The local economy will rebound, expand and prosper.
To make that happen, it will need a place where workers can improve their skills for 21st century needs.
That's the feeling at the top echelons of Blackhawk Technical College, which has a new master plan that calls for greatly expanding the school.
"We have faith in the economic growth of this region," BTC President Tom Eckert said in a recent interview.
Blackhawk Technical College's last expansion ended seven years ago with the completion of $17.5 million in referendum projects at the main campus in central Rock County and in Monroe.
Since then, BTC has added its Beloit Center at the Eclipse Center, recently increasing its classroom space there.
But needs have grown and are expected to continue to do so, Eckert said.
"We envision getting bigger and serving more people," he said.
The referendum project left room for about 3,000 full- and part-time students, Eckert said. But that was before General Motors and related employers closed their doors and the national economy took a nosedive.
Enrollment increased 54 percent as workers tried to reinvent themselves, Eckert said, and even though the economy seems to be strengthening, enrollments have dropped only slightly.
Computers, health sciences, even the culinary department are crowded, Eckert said. The Monroe campus is at capacity. Prospective students are being told there's no more room.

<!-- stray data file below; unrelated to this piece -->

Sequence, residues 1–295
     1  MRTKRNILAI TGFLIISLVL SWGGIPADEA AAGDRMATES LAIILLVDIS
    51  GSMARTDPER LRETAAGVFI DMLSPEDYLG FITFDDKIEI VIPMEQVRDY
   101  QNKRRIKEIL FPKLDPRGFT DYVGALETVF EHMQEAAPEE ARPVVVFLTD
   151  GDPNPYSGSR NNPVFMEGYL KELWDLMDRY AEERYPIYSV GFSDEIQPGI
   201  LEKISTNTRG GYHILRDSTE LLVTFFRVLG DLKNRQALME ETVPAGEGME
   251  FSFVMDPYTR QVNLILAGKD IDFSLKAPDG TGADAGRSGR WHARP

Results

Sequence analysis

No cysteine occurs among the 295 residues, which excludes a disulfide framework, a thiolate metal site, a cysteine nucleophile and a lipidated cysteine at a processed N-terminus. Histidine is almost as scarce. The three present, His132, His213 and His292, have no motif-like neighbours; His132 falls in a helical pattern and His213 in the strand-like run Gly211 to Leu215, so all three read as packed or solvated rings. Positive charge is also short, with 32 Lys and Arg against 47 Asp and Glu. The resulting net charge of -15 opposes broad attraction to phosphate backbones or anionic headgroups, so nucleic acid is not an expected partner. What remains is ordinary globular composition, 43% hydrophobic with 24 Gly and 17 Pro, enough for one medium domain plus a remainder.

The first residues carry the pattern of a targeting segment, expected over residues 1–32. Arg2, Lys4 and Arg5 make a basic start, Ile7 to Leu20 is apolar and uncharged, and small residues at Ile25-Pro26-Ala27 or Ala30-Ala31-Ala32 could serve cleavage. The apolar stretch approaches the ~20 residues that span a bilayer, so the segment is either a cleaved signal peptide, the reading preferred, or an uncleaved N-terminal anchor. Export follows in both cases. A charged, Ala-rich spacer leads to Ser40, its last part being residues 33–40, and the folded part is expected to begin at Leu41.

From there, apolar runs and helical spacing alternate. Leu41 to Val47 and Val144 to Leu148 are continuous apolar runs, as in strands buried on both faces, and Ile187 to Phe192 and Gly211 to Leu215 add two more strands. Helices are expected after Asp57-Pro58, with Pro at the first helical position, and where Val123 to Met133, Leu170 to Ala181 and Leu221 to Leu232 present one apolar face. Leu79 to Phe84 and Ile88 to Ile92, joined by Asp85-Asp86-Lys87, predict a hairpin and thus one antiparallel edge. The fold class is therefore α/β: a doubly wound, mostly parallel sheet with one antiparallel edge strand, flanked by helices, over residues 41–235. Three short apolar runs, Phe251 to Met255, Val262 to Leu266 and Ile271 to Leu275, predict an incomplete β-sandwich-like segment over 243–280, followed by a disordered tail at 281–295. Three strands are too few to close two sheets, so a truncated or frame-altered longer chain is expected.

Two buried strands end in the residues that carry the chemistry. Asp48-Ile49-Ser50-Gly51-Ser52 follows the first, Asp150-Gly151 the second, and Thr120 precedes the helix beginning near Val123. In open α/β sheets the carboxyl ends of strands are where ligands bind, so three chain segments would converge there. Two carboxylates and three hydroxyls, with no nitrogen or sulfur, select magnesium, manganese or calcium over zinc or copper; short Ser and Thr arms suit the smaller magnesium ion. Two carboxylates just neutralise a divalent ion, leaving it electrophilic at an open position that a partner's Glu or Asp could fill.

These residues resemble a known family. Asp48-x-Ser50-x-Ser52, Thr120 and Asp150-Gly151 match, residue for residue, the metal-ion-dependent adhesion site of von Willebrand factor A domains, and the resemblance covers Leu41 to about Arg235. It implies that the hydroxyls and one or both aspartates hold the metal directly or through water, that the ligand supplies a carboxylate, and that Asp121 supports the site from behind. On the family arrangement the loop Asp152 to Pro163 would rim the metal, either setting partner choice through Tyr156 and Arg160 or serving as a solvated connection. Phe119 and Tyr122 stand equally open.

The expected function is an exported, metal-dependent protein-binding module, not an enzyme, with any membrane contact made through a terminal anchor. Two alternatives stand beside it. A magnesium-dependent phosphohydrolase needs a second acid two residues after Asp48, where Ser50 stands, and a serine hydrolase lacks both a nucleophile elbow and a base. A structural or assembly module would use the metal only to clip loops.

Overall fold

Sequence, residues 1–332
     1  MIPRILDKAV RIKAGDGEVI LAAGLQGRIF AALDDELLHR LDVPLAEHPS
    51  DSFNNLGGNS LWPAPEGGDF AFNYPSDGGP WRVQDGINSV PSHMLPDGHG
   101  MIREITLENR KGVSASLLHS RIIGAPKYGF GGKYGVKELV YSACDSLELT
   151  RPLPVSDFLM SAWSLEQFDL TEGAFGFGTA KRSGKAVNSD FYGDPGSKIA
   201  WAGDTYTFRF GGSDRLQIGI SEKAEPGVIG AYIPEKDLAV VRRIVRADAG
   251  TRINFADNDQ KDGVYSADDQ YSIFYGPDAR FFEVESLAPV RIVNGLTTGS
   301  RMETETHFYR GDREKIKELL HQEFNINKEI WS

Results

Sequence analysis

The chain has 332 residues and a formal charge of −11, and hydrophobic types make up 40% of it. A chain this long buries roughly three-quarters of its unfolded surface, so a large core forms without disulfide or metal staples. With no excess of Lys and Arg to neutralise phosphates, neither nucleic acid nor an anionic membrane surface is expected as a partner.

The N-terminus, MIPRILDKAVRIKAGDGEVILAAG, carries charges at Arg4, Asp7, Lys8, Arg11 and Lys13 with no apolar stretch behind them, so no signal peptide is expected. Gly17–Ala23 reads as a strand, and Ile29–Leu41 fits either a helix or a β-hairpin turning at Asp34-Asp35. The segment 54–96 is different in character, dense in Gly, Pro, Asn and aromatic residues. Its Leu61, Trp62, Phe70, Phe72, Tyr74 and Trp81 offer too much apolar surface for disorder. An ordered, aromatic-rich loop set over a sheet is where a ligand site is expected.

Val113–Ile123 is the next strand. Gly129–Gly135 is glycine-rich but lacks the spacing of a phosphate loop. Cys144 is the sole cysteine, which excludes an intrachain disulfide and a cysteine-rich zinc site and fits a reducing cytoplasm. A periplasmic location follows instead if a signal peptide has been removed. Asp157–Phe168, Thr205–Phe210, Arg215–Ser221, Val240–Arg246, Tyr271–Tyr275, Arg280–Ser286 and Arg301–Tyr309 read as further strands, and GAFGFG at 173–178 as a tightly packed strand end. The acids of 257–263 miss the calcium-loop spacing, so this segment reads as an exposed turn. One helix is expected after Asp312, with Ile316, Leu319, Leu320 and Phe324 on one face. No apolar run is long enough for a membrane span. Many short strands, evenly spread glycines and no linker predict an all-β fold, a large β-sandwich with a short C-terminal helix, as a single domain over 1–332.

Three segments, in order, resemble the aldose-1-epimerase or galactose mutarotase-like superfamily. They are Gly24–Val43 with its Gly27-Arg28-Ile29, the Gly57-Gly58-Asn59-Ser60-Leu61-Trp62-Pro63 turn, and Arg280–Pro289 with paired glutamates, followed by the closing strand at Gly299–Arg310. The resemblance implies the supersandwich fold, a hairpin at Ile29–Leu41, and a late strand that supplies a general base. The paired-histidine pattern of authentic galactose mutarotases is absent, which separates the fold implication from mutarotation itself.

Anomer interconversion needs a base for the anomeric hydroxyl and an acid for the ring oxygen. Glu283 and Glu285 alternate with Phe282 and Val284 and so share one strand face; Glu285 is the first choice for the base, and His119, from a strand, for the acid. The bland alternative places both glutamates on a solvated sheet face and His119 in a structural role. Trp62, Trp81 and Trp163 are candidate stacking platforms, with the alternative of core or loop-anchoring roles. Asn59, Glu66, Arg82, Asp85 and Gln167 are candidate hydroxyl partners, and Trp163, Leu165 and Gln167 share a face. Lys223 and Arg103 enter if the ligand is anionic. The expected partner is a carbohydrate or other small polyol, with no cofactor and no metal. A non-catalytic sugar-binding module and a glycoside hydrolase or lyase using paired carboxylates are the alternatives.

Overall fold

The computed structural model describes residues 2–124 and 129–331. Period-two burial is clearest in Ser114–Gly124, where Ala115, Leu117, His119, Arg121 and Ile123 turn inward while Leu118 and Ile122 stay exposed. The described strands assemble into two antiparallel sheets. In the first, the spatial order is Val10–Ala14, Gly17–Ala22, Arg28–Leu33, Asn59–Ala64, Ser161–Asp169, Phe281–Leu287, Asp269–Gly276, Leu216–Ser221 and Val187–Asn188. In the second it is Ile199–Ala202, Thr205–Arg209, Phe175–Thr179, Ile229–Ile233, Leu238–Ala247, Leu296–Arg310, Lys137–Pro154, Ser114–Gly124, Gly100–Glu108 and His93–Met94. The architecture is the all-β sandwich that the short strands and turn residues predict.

"When you have no place to put anybody, you have to address it," Eckert said.
BTC officials and Strang Inc. of Madison have been working on the master plan for about two years.
Strang's research included an assessment of buildings and grounds, collection of data on how and when rooms are used, interviews with staff and students and alignment of the plan to the college's strategic goals, said Renea Ranguette, BTC's vice president for finance and operations.
Strang, which was paid was paid $123,410 for the work, also wrote a five-year maintenance plan that covers projects such as replacement of roofs, parking lots, windows and various parts of the heating/cooling system.
One of the recurring themes Strang heard from staff in all divisions was a lack of general-purpose classrooms, Ranguette said.
Classroom space is at a premium, even though classes are scheduled in the evenings and on weekends.
Other areas for expansion the study identified by talking to staff and students:
-- More large, tiered lecture halls, especially for general-education classes.
-- More spaces for staff and students to collaborate. The ability to work in teams is said to be a key skill employers want.
-- More conference/meeting rooms for the college's frequent guests.
-- More dual-purpose rooms -- for example, a room with traditional seating along with computer stations.
-- More lab space for health services classes with an increasing emphasis on simulating what goes on in hospitals and clinics. Health professions continue to be one of the highest-demand areas at BTC.
-- More interactive training spaces for police and firefighter training.
-- The library is small but used intensively. More wireless Internet access and small rooms for study groups are needed, Ranguette said.
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